It is the year 2020: why should I use / learn D?
belka at caraus.de
Wed Nov 14 18:08:31 UTC 2018
On Wednesday, 14 November 2018 at 17:47:10 UTC, Basile B. wrote:
> On Wednesday, 14 November 2018 at 16:09:32 UTC, Eugene Wissner
>> No, it wasn't the reason. Some algorithms cannot be
>> implemented with ranges as efficient as with iterators.
>> "In other words, by converting the is_word_boundary from
>> iterators to D-style ranges, the algorithm goes from O(1) to
>> O(N). From this we draw the following conclusion: D’s choice
>> of algorithmic basis operations is inherently less efficient
>> than C++’s."
>> C++ iterators are more flexible.
> You meant D ?
C++. An iterator points to some element in a range, and you can
mix it as you need. In D you always have two iterators: beginning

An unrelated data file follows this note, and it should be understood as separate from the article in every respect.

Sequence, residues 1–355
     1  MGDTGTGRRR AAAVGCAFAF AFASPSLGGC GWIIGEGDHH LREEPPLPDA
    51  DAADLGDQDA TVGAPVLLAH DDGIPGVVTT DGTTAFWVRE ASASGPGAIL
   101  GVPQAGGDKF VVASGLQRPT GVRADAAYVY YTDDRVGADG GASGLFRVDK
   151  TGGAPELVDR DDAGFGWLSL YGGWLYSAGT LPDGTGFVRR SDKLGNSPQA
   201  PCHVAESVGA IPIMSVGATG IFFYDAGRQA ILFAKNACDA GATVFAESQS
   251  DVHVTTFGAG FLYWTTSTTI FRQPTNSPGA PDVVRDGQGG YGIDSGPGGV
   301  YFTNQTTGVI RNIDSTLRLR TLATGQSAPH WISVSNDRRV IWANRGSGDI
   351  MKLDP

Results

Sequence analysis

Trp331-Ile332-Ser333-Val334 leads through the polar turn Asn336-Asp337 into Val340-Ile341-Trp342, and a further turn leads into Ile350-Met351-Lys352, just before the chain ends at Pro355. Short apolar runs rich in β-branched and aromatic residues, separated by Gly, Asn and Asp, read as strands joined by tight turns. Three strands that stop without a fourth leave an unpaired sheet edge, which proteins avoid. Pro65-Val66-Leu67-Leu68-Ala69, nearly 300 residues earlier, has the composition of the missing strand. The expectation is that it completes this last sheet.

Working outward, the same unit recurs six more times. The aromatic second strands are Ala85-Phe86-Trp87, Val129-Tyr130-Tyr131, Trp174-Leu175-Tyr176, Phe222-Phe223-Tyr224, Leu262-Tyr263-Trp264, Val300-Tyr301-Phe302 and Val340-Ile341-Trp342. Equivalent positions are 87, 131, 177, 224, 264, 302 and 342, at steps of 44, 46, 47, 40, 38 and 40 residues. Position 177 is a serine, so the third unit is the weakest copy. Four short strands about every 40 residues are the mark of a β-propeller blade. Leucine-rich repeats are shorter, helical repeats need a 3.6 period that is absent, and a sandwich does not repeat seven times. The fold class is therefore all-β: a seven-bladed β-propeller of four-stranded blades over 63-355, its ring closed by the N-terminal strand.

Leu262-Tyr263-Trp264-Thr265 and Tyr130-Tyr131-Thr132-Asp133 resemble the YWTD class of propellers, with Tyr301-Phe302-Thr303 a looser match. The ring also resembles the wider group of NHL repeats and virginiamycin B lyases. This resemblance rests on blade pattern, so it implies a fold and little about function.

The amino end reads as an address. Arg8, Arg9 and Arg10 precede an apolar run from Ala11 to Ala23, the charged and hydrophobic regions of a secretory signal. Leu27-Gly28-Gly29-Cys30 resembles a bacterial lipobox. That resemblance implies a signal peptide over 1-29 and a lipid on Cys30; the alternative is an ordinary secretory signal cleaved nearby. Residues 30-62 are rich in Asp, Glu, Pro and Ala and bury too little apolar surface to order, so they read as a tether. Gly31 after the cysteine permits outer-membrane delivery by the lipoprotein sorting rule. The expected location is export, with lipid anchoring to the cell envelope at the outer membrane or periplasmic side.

and the end of the range. The feature I miss most, is a
bidirectional iterator. In C++ you can go back and forth with
this iterator. In D if you do popBack there is no way back (or
front :)); with popFront you can't reach the element after back,
even if there such elements, you have to take an another range
from the container.
D ranges are more compact, because you need the begining and the
end in the most cases, so such functions just take one range
instead of two iterators. But there are still a lot of cases
where D ranges don't work.
Steven Schveighoffer mentioned an interesting solution but it
adds complexity: Implement Range, ConstRange, Cursor,
ConstCursor?, algorithms that accept ranges or cursors and so
>> I think of things like rotate and bringToFront ...
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